True Color Test
Test of Display capabilities
The image below is a 24-bit true color image. On PCs with displays
running in true-color there will be no visible banding as you move from left to right
across the image. If you have no banding then your display is optimal and you should
close this page.
The above image was converted to a 16-bit 65,000 color image. If you can see the
same banding in both the image above and the image below then your display is not
optimal and is not running in true-color. It may be possible to change your PC settings
to run in true-color if you want to see if you can click here.
To access the display setup dialogue box, minimize all applications and right mouse
click on the Windows Desktop then select Properties from the popup menu.
A dialogue box will open from which you select the Settings tab. You will find
the current color setting towards the left hand bottom.
The available graphics modes are dependent on the amount of graphics memory the PC
is fitted with. Increasing resolution requires more graphics memory just as increasing
the number of colors does. In fact it is the product of resolution and colors that
determines the total amount of graphics memory used. On systems with inadequate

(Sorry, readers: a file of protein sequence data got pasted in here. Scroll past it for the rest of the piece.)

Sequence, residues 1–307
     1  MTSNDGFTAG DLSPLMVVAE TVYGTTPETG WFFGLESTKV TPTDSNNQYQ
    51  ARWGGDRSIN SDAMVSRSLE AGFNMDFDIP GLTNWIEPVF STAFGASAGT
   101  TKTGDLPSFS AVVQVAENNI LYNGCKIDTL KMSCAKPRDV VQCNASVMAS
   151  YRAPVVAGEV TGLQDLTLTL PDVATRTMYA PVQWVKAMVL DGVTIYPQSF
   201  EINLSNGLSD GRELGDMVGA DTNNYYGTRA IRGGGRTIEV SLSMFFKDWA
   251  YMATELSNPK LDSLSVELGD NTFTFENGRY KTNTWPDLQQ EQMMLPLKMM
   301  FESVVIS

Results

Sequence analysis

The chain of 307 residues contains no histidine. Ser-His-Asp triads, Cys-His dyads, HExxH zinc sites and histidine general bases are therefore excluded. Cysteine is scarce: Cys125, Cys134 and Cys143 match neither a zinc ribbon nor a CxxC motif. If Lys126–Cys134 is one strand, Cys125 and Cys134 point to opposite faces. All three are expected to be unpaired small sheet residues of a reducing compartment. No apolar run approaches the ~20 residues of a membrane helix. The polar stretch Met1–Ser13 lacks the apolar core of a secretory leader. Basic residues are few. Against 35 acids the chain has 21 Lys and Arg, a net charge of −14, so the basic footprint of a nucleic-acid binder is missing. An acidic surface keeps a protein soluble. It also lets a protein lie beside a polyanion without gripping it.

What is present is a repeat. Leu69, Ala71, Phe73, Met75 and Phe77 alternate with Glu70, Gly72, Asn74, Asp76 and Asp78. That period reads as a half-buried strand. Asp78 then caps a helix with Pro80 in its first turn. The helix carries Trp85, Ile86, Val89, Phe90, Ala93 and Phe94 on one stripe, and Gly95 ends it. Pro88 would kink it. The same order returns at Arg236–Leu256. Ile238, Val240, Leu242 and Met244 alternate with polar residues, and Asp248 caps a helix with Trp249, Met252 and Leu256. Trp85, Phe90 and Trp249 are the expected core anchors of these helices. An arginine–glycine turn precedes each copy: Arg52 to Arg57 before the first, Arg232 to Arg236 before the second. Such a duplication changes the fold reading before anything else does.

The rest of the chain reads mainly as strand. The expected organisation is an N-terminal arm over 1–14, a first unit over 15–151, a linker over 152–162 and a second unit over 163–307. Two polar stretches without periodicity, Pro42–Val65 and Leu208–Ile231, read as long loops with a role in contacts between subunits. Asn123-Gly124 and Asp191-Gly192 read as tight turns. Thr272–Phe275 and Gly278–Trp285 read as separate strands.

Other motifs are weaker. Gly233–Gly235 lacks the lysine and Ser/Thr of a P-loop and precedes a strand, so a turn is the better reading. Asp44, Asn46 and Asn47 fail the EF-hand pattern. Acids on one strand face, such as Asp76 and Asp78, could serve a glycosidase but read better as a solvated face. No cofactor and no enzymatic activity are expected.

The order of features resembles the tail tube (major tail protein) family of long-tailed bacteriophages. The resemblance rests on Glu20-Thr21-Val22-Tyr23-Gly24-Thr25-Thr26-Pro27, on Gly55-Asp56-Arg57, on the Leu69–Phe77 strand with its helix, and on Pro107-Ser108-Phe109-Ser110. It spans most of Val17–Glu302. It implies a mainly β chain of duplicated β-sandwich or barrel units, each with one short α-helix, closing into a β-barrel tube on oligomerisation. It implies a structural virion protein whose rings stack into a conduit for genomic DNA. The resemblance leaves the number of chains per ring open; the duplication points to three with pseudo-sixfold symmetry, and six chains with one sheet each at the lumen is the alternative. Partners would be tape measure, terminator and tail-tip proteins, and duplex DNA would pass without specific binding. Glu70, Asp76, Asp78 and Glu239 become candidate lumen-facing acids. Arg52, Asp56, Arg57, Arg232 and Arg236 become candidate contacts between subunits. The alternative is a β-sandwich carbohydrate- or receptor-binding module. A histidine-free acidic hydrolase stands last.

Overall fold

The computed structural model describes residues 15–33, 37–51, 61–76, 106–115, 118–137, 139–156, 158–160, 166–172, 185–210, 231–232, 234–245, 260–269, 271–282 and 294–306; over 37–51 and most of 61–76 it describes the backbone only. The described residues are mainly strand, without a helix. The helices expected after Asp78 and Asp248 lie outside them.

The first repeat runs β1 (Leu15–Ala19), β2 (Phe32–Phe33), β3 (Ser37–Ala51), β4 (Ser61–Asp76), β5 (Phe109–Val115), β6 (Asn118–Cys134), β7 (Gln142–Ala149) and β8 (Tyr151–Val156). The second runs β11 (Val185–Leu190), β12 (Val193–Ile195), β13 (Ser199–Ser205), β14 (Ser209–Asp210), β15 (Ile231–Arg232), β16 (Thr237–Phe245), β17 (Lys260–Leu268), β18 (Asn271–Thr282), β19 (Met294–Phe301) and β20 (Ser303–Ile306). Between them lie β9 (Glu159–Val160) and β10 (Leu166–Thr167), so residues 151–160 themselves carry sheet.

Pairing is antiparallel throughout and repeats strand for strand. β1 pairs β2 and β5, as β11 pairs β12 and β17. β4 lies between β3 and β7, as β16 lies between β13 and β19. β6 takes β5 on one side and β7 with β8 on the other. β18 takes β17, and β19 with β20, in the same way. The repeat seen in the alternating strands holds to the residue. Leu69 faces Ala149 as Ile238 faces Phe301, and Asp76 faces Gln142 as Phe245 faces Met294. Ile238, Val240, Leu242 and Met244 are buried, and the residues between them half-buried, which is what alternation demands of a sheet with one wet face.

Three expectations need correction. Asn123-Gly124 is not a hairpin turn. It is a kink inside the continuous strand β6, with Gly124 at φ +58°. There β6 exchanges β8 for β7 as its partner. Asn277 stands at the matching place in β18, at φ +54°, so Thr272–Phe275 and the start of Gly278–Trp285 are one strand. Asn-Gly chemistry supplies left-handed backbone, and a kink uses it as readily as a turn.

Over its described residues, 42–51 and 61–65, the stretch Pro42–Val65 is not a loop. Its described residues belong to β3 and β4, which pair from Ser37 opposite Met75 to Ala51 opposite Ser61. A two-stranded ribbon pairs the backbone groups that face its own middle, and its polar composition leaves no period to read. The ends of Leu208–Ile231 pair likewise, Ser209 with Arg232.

graphics memory you will find that increasing colors requires windows to decrease the
To see if you can increase the number of colors:
- Take note of the current resolution
- Use the dropdown box to select a greater number of colors (24-bit true color if
Did the resolution change? If not go to step 4. If the resolution changed then
you should use the resolution slider to reset the original resolution and then
Cancel the dialog box. Your options are:
- live with it
- upgrade your graphics card (probably easier and cheaper than trying to
upgrade your graphics memory)
- use software that can automatically switch between true-color and
another mode for slide shows
- You can now Apply the change or say OK to set the new
mode. Depending on your system, windows may test the change or require a